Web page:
sonatas across the room because he didn't like that particular edition, (Simon & Schuster), a gift from my mother. The man, a talented (can't go so far as to call him gifted) pianist, had the piano-side manner of a porcupine, and an ego that occupied what space his seven foot Steinway concert grand didn't take up.
The reason behind this colossal ego? His recent solo piano performance at New York City's Carnegie Hall.
Carnegie Hall! WOW!! Impressive, right? The pinnacle of success has been achieved when you can proclaim that you performed at Carnegie Hall. Or so I thought at the time. Back then I didn't know space in that performance venue can be leased. By anyone. Anyone approved by whoever authorizes the concert billing. I had assumed that Dr. Anti-Simon & Schuster had been invited to perform there. He had not. He'd rented the space for his solo recital. LaDiDah.
The 1990–1991 season at Carnegie Hall marked its centennial. Since the hall's official opening on May 5, 1891, more than 46,000 concerts have been performed in its three halls.
The acoustics are reportedly amazing. The architect, William Burnett Tuthill, opted not to install heavy velvet curtains and chandeliers commonly seen in theater halls, believing they impaired good sound distribution. The elliptical shape with a slightly extended stage and domed ceiling allow sounds, from pianissimo to sforzando to be heard in any location in the hall with equal clarity and richness.
A fellow approached a man carrying a violin case leaving Carnegie Hall from the backstage entrance and asked,
"Could you tell me how to get to Carnegie Hall?"
(The violinist was Mischa Elman.) Without slowing down
he answered, "Practice."
it would take five years to recover from that concert touted as a circus show before another hard rock band was allowed in the hallowed Hall: Led Zeppelin. Can't imagine either of these bands playing in such a stately space. With its superb acoustics I wouldn't be surprised if some audience members left with less hearing ability than what they walked in with.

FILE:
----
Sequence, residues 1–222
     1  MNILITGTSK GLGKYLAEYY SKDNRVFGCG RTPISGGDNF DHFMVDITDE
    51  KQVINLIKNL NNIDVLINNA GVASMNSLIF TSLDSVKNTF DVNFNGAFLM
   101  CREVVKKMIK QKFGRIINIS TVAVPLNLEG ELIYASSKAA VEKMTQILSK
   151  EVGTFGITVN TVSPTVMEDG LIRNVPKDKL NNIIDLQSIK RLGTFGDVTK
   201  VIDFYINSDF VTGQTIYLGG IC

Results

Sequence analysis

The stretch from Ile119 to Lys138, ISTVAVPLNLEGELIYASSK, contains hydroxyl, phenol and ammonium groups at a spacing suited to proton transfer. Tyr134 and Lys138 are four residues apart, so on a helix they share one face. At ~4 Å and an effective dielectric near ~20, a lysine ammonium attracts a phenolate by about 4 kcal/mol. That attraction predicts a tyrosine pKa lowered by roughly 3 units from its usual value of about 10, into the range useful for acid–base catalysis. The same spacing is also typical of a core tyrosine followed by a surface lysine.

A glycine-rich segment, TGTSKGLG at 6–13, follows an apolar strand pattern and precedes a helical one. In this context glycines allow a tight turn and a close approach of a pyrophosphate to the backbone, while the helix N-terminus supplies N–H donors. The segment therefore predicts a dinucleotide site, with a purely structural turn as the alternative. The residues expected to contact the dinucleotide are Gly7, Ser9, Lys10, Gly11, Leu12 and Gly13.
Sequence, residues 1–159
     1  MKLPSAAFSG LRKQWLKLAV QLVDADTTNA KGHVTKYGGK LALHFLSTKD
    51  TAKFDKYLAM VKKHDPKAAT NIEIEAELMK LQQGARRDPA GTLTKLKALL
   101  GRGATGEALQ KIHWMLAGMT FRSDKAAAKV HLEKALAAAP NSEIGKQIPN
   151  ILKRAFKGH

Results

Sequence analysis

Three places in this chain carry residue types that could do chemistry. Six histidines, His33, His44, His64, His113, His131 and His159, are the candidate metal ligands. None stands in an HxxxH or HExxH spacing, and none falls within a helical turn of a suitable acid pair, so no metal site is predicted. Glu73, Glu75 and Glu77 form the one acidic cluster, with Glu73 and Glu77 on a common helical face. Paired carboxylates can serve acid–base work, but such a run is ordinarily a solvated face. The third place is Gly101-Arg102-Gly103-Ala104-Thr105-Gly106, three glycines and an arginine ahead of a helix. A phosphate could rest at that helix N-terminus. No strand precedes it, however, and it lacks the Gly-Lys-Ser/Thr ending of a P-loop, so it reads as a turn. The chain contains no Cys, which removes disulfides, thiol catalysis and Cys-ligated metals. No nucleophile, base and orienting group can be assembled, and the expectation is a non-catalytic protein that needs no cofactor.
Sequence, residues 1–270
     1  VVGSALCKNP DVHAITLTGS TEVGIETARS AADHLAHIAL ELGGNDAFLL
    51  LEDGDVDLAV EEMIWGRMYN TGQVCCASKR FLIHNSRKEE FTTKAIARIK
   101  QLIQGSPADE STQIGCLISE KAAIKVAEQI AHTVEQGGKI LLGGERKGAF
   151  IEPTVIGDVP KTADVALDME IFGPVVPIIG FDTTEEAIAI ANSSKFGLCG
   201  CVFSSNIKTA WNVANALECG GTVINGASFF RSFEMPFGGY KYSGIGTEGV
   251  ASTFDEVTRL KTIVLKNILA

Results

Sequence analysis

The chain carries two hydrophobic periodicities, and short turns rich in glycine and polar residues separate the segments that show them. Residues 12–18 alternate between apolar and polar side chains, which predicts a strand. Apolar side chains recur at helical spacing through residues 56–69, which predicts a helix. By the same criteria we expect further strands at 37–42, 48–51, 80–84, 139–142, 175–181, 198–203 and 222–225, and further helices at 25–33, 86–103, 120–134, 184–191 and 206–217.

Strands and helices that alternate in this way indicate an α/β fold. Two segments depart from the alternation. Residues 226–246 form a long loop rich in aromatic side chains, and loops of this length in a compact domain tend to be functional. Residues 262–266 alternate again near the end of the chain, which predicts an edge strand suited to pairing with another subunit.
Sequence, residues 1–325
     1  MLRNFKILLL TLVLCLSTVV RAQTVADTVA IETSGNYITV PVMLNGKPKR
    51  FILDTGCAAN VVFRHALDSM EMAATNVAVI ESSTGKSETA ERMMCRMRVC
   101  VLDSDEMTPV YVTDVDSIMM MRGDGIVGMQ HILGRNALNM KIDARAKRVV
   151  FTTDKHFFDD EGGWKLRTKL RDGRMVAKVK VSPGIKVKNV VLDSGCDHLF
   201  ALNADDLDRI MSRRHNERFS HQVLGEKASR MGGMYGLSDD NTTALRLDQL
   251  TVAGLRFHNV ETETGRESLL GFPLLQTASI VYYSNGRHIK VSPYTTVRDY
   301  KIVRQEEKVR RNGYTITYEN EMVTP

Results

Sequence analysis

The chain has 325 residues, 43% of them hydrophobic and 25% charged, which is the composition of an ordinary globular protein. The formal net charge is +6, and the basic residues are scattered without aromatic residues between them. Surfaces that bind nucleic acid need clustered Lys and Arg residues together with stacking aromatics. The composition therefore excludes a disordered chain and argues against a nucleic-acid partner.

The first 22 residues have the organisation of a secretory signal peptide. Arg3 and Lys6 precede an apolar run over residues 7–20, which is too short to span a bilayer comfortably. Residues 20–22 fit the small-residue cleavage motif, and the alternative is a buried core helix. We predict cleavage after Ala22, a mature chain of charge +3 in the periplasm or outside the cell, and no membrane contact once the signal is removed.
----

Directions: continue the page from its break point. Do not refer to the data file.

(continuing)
A photo I took of Royal Albert Hall during my 2006 visit to London. Six MILLION red bricks!
1808-1828 and subsequently occupied between 1836-1849 by the Countess of Blessington and Count D’Orsay. After they vacated the house in 1851 it was opened as the ‘Universal Symposium of All Nations’, a restaurant run by chef Alexis Soyer.
Royal Albert Hall interior....a venue used not only for
concerts, but sporting events as well. This image reminded me of when I saw John McEnroe and Jimmy Connors go to battle with their tennis rackets and infamous verbal sparring in New Orleans' Superdome, late 1970s.
Sir Thomas Beecham, British conductor
Wilhelm (Richard) Wagner, German composer
Van Morrison, British singer-songwriter
Kendo Nagasaki/Peter Thornley, British masked
John McEnroe, 50 times (plays annually in the Masters
tennis tournament in December)
Victoria Wood, British comedian, actress, pianist
Cirque du Soleil, French-Canadian circus troupe;
Bonnie Tyler, Welsh singer-songwriter
Anna Pavlova, Russian ballerina
Oscar Peterson, Canadian jazz pianist, composer
Giuseppi Verdi, Italian composer
And tens of dozens more: Moody Blues, Beach Boys, Meatloaf, John Fogerty, Crosby/Stills&Nash, The Who, Chuck Berry, The Rolling Stones, Yoko Ono and of course, Sir Elton John.